Drivers of Trust
Given the significance of trust it is worth asking: what do people look for when choosing to trust someone? What can we do to build trust? At least part of the answer lies in research we conducted examining the drivers of trust (see “A Question of Trust” by Sally Bibb and Jeremy Kourdi, published by Marshall Cavendish). It is worth taking the time to consider each attribute: what you do well, and what you could improve? Trust me, it will help.
The attributes people look for when deciding whether to trust someone at work:
This implies an ability to do and say what you mean, especially when faced with adversity. It also requires a capacity to take risks, to be constant and determined, to admit mistakes and to stand alone. In the words of former Air France CEO Jean-Cyril Spinetta: “Try to be transparent, clear and truthful. Even when it is difficult, and above all when it is difficult.”
One of the biggest counters to trust is a feeling that people are motivated by narrow self-interest, that life (and particularly commerce) is a zero sum game. Instead, prove them wrong. Not naively, but because it is the right thing to do and in the end we all benefit.
This means treating others according to what is reasonable, as you would wish to be treated, and in a consistent, even-handed manner. Being fair does not simply mean preventing unfairness; it implies a proactive desire to seek out what is just, and then follow that course.
Are you approachable? Do people feel inclined to come and talk to you? Openness matters because people that appear closed or distant are not accessible or open, so trust cannot take root.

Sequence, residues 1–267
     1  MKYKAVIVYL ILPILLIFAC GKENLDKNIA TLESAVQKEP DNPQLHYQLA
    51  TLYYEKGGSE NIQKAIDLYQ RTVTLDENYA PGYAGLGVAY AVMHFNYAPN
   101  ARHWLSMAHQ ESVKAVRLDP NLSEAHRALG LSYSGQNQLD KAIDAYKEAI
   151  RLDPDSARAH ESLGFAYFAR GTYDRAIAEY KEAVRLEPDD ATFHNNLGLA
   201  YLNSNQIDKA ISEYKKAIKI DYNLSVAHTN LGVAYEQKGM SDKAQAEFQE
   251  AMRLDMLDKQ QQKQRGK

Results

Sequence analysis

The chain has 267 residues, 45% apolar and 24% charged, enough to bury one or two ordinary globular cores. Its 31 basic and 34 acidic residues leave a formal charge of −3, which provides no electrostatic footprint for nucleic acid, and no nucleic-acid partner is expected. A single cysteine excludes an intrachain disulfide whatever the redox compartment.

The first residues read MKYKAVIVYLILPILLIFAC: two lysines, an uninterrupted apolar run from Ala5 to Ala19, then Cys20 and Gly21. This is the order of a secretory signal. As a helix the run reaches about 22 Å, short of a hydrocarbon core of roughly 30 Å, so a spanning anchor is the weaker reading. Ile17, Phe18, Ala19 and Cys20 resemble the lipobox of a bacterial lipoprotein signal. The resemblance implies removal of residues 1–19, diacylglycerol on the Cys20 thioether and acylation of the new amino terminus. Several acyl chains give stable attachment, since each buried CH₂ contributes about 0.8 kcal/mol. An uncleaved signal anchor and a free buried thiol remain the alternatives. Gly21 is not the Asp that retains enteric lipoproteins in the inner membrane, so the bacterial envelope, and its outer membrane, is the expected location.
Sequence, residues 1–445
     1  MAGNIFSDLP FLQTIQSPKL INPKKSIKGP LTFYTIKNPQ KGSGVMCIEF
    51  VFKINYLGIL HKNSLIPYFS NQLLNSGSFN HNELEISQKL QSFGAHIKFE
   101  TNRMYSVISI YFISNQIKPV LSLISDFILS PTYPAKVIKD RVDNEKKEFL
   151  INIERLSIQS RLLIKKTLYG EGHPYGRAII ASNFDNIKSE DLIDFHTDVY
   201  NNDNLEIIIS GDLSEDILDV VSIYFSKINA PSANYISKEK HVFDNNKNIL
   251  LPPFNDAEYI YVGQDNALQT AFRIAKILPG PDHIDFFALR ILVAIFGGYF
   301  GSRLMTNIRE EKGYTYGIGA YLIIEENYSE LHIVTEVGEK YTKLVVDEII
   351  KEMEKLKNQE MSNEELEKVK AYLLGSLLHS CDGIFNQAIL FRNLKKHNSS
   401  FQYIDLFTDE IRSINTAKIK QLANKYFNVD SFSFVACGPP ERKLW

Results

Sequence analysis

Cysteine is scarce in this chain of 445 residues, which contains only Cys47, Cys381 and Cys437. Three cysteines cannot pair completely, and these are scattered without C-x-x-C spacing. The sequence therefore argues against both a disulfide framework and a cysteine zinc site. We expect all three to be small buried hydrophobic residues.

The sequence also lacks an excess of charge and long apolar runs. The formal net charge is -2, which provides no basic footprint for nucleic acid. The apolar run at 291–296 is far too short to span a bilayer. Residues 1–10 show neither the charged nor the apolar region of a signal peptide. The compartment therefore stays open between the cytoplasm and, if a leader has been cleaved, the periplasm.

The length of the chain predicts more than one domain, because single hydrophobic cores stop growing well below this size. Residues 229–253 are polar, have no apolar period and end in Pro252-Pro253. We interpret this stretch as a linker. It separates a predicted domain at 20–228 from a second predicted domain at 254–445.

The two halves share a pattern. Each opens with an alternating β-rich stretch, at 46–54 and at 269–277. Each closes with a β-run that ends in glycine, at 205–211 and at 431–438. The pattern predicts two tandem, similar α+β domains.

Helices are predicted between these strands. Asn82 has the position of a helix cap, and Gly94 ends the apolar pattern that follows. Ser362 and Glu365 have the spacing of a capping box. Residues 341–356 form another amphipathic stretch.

Develop empathy, compassion and supportiveness
The reason people who display these qualities are trusted is because they give others a genuine feeling that their feelings and circumstances are being considered and understood, there is positive intent, and this leads to support.
Give respect and credit to others
Respect is a clear, positive and engaging virtue. Respect involves sharing values and providing a common language that brings people together. Trust occurs because people feel that these individuals and firms are on their ‘wavelength’. This concept of congruency is a central pillar of trust.
Dependability has much in common with the other attributes and, like them, it can mean giving up things – information, time, resources – to help others succeed. To illustrate the impact of dependability, consider the most trustworthy people you have ever met: how dependable are they?
It is sometimes said that trust arrives on foot and leaves on horseback. Valuing these attributes constantly will help strengthen the trust that people have in you.
So, what matters most to you when deciding to trust someone?
(For further information, Nate Silver’s website provides great insight and analysis, while Nieman Lab provides an interesting perspective on fake news.)